The longevity and success of collegiate athletic programs are made possible through the dedication of players, coaches and institution alike. Long-term investments, like gifts to Nebraska Wesleyan's endowment, ensure that future-thinking coaches like Norman are paid for their time. With Coach Norman at the reigns and three talented first years joining the roster this fall, Emalie foresees a successful season, maybe even a run at the conference title.

“I know he definitely has big plans for the program,” said Emalie, who contributed to the lowest two-day score the team has shot since 2017. “I’m excited.”


August 1953

The air was sticky, like it always is on move-in day. Kay Whitney (Emalie’s grandmother and namesake) had already settled into her first-year dorm room in Johnson Hall. She listened intently to the orientation presentation as the dean of women presented guidelines to the newest coeds: a 9:00 p.m. curfew for first years under 21, “calling” hours strictly between 4:00 and 6:00, and a dress code of “conventional clothing at all times.” Nearly 100 new Johnson Hall residents hummed along tentatively as the dean of women presented a jingle to remember their phone numbers: “Johnson Hall is my home, 62375 is my phone. . . .” Constructed in 1948, Johnson stands elegantly on campus—a symbol of changing times and growth. The building, a compliment to the university’s commitment to academic excellence, only elevated the sense of community among residents. Kay, a member of only the fifth wave of women to inhabit the first dormitory on campus, wondered what the future might bring.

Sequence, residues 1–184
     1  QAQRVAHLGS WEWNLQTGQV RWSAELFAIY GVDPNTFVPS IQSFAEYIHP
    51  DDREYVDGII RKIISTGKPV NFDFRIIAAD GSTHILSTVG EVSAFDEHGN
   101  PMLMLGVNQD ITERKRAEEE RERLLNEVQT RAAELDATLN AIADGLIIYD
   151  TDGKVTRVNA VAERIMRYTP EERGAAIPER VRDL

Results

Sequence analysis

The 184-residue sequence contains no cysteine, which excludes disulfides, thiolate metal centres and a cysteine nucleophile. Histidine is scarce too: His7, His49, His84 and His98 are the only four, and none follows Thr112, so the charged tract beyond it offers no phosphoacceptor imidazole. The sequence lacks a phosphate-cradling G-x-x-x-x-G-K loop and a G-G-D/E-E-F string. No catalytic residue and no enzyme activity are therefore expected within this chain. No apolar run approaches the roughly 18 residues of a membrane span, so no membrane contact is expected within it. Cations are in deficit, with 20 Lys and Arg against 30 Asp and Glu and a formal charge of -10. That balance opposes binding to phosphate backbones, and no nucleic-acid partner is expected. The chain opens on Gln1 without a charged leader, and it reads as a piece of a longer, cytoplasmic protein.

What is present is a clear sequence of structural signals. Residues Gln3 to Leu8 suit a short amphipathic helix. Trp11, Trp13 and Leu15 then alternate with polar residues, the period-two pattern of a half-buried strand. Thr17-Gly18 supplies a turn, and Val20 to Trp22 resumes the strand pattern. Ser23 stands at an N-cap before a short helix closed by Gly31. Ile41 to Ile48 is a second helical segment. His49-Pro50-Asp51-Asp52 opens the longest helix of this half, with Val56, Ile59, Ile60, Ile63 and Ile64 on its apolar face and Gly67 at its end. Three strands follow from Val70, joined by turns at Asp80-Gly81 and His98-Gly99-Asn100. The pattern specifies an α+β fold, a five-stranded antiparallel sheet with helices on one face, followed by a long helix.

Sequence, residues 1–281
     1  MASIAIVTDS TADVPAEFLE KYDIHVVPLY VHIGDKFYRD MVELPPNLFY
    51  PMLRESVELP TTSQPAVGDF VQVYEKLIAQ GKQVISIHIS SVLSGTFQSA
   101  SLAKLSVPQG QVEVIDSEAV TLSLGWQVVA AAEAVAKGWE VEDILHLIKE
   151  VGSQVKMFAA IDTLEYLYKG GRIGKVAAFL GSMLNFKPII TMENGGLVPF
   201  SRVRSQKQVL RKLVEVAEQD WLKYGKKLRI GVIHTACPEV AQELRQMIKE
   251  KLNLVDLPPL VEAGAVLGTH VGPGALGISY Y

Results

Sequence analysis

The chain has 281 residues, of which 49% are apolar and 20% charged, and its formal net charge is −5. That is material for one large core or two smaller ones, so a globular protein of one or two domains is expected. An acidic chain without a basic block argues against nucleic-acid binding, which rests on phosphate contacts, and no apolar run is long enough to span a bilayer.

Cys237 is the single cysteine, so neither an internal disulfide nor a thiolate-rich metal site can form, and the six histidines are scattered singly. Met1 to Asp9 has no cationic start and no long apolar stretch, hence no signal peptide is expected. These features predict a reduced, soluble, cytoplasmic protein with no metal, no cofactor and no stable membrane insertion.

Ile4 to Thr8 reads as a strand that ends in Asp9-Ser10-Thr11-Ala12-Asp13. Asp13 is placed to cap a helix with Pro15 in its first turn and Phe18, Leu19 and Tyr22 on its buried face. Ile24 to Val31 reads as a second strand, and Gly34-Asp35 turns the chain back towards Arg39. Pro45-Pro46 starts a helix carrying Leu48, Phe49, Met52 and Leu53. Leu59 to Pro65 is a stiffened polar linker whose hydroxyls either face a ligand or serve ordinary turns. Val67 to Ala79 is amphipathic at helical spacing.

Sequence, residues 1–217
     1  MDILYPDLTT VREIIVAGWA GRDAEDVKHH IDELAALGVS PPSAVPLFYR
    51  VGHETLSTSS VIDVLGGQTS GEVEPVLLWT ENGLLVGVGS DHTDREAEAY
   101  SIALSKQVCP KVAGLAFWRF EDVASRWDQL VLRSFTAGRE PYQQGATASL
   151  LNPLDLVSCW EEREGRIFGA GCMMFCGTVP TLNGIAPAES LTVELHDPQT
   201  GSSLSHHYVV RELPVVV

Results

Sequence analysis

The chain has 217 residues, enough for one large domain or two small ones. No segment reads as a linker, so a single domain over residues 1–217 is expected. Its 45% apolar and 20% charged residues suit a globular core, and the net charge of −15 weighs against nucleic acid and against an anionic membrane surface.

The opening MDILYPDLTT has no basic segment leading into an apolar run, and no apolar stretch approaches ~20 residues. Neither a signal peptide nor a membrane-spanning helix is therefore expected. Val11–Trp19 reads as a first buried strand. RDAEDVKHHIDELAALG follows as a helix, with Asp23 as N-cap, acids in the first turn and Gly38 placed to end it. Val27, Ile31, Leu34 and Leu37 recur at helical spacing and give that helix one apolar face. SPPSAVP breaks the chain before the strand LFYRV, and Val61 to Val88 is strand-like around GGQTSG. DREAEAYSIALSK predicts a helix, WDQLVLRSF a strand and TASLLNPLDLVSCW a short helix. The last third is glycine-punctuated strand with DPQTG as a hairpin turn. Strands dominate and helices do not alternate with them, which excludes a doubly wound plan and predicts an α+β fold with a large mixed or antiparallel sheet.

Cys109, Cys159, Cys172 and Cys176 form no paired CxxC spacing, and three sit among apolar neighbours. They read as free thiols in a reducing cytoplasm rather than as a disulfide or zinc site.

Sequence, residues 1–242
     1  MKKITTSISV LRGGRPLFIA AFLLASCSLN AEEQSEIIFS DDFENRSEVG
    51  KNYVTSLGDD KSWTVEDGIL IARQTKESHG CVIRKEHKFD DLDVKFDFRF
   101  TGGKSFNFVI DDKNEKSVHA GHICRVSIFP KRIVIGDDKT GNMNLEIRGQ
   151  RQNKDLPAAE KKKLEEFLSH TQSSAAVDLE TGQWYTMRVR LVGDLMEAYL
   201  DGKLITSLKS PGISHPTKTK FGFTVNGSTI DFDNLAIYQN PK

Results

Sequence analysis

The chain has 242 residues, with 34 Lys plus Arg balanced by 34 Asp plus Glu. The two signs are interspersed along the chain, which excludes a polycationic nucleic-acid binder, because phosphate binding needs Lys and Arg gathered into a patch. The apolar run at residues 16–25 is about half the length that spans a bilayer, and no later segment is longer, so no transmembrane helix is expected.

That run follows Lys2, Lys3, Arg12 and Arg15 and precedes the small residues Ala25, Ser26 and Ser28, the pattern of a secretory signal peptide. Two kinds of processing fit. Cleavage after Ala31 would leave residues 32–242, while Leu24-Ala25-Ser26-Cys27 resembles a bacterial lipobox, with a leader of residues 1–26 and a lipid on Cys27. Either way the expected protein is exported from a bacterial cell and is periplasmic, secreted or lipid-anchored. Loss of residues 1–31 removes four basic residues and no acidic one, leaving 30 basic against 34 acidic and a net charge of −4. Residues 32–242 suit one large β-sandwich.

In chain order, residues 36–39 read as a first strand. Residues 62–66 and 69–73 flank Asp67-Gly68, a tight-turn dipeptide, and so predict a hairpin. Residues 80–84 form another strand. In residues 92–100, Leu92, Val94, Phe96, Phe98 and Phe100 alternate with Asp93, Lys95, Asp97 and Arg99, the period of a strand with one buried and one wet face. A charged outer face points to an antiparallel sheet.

Today, Emalie rests her head in Johnson Hall—the same place her maternal grandmother, Kay, and her paternal grandmother, Janet (Hyde) Wightman ’63, resided decades earlier. The residential education facility has always functioned as a social hub; students can often be found lounging in the common areas or pulling all-nighters in their garden-level rooms. Emalie and her roommate, Libby, took to painting canvases, studying in the basement (shared with Pioneer) and taking pride in their corner room. “We loved our room, we thought ours was one of the cooler ones on our floor.” Johnson Hall was renovated in 2012, elevating the oldest dormitory on campus to modern standards of comfort, safety and accessibility. Emalie has found belonging and built relationships in Johnson Hall, and her desire for a well-rounded college experience extends to the classroom.

As a graduate of a small high school, Emalie saw Nebraska Wesleyan as a catalyst for academic exploration. “We didn’t have a lot of electives, so I liked being able to choose topics I haven’t been able to study before.” She took advantage of her Economics professor’s Zoom office hours, a demonstration of NWU’s commitment to creative problem-solving.

Her Archway Seminar on James Baldwin—prolific American author, unafraid to approach the intricacies of race and sexuality—broadened her worldview, teaching her to discuss complex and important issues with consideration and care. Professor of History Kevin Bower taught the course and served as Emalie’s first-year academic advisor.

“He was really helpful, giving me suggestions for classes,” Emalie recalled. “Everyone always says, ‘Go to your professors’ office hours, they really want to talk to you,’ but I feel like at Nebraska Wesleyan that’s actually true.” NWU makes personalized academic attention readily available for all students through one-on-one advising and prioritizes academic mentoring.